Researchers report that wood-biochar supercapacitors can produce as much power as today’s activated-carbon supercapacitors at a fraction of the cost – and with environmentally friendly byproducts.
The report appears in the journal Electrochimica Acta.
“Supercapacitors are power devices very similar to our batteries,” said study leader Junhua Jiang, a senior research engineer at the Illinois Sustainable Technology Center at the University of Illinois. While batteries rely on chemical reactions to produce sustained electrical energy, supercapacitors collect charged ions on their electrodes (in this case, the biochar), and quickly release those ions during discharge. This allows them to supply energy in short, powerful bursts – during a camera flash, for example, or in response to peak demand on the energy grid, Jiang said.
“Supercapacitors are ideal for applications needing instant power and can even provide constant power – like batteries, but at lower cost,” he said. They are useful in transportation, electronics and solar- and wind-power energy storage and distribution.
Many of today’s supercapacitors use activated carbon – usually from a fossil-fuel source, Jiang said.
“Costly and complicated procedures are normally used to develop the microstructures of the carbon – to increase the number of pores and optimize the pore network,” he said. “This increases the surface area of the electrode and the pores’ ability to rapidly capture and release the ions.”
In wood-biochar supercapacitors, the wood’s natural pore structure serves as the electrode surface, eliminating the need for advanced techniques to fabricate an elaborate pore structure. Wood biochar is produced by heating wood in low oxygen.
The pore sizes and configurations in some woods are ideal for fast ion transport, Jiang said. The new study used red cedar, but several other woods such as maple and cherry also work well.
Expensive and corrosive chemicals are often used to prepare the activated carbon used in supercapacitors, giving the electrodes the physical and chemical properties they need to function well, Jiang said.
“The use of those chemicals will probably impose some environmental impacts,” he said. “This should be avoided or at least substantially reduced.”
Jiang and his team activated their biochar with mild nitric acid, which washed away the ash (calcium carbonate, potassium carbonate and other impurities) in the biochar. The byproduct of this process has a beneficial use, Jiang said: The resulting solution of nitrate compounds can be used as fertilizer.
These simple approaches dramatically cut the material and environmental costs of assembling supercapacitors.
“The material costs of producing wood-biochar supercapacitors are five to 10 times lower than those associated with activated carbon,” Jiang said. And when a biochar supercapacitor has reached the end of its useful life, the electrodes can be crushed and used as an organic soil amendment that increases fertility.
Go deeper with Bing News on:
- Fast charging, low-cost sodium-ion EV batteries developed by IIT researchers
Thanks to low-cost of sodium-ion-based technologies, electric cycles integrated with such batteries would be significantly cheaper.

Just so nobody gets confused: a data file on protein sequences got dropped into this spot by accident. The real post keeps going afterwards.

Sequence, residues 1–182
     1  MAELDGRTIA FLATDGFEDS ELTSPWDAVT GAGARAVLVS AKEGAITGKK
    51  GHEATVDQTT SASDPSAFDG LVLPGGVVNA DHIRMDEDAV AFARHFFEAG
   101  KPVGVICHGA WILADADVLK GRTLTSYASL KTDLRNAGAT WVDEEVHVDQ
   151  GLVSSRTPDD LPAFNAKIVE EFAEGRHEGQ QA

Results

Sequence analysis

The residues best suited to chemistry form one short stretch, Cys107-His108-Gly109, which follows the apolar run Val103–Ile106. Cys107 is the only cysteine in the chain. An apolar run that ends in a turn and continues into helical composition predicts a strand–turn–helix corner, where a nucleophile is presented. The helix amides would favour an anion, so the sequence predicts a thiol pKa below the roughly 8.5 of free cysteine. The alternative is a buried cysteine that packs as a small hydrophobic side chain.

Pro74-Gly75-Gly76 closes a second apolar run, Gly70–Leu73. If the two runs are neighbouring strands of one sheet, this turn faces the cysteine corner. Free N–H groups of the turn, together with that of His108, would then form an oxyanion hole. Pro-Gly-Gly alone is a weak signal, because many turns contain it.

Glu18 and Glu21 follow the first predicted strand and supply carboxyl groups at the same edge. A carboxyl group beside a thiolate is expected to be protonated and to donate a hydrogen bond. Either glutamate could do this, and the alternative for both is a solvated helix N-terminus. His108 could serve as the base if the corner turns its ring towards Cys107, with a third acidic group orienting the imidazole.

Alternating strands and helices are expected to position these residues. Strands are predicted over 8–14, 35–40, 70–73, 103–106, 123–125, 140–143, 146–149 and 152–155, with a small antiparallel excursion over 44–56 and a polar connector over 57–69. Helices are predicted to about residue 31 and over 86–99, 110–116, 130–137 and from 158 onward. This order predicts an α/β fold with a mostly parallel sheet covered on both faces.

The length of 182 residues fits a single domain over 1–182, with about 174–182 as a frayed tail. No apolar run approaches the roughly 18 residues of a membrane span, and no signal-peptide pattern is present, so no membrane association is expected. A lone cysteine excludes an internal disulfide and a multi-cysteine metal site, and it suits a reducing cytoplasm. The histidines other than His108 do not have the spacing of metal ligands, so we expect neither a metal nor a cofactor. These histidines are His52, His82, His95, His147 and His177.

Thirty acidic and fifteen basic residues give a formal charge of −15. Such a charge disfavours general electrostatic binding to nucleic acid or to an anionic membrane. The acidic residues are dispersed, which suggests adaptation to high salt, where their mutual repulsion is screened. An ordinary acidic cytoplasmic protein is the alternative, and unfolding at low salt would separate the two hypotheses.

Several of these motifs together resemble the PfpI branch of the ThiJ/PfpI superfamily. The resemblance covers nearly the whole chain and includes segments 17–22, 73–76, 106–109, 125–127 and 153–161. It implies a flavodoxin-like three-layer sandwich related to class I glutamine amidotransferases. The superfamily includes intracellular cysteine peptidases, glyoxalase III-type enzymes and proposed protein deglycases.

- Researchers develop low-cost, fast-charging Sodium-ion batteries
IIT Kharagpur has used nano-materials to develop Sodium-ion-based batteries and supercapacitors for next-generation energy storage technologies and their use in e-vehicles.
- Future ready: IIT Kharagpur research team develops low-cost, fast-charging sodium-ion batteries and supercapacitors
They have developed sodium-ion batteries and capacitors, which can be used for next-generation energy storage technologies and in e-vehicles ...
- IIT Kharagpur Researchers Develop Low-cost, Fast-charging Sodium-ion Batteries
IIT Kharagpur experts have developed Sodium-ion-based batteries and supercapacitors for next-generation energy storage technologies and their use in e-vehicles using nano-materials.
- The Graphene Revolution Arrives in India
Graphene has the potential to revolutionize power and data storage, manufacturing tools, sports equipment, touchscreens, biosensors, and even supercapacitors.
Go deeper with Google Headlines on:
Go deeper with Bing News on:
- The Global Supercapacitor Market grew USD 13,939.38 million by 2027, at a CAGR of 24.23%.
Module Type, Application, Material, Region (Americas, Asia-Pacific, and Europe, Middle East & Africa) - Global Forecast to 2027 - Cumulative Impact of COVID-19New York, Aug. 03, 2022 (GLOBE NEWSWIRE) ...
- Supercapacitor E-Bike With DIY Motor
Supercapacitor technology often looks like a revolutionary energy storage technology on the surface, but the actual performance numbers can be rather uninspiring. However, for rapid and repeated ...
- Capacitor to hybrid capacitor to supercapacitor: a powerful evolution in electrical energy delivery
For comparison, the Earth’s capacitance is a miserly 710 µF, 15m times less than a supercapacitor. These are usually limited to 2.5V – 2.7V. It is possible to go up to 2.8V and above but this shortens ...
- Minimalist Low Power Supercapacitor Sensor Node
[Strange.rand] has dropped into the low-power rabbit hole, and is designing a low-cost wireless sensor node that runs on solar power and a supercapacitor. The main components of the sensor node is ...
- Supercapacitor Global Market to Reach $912 million by 2027 at a CAGR of 14.1%
Dublin, July 27, 2022 (GLOBE NEWSWIRE) -- The "Supercapacitor Market by Type (Double Layer Capacitors, Pseudocapacitors, Hybrid Capacitors), Electrode Material (Carbon, Metal Oxide, Conducting ...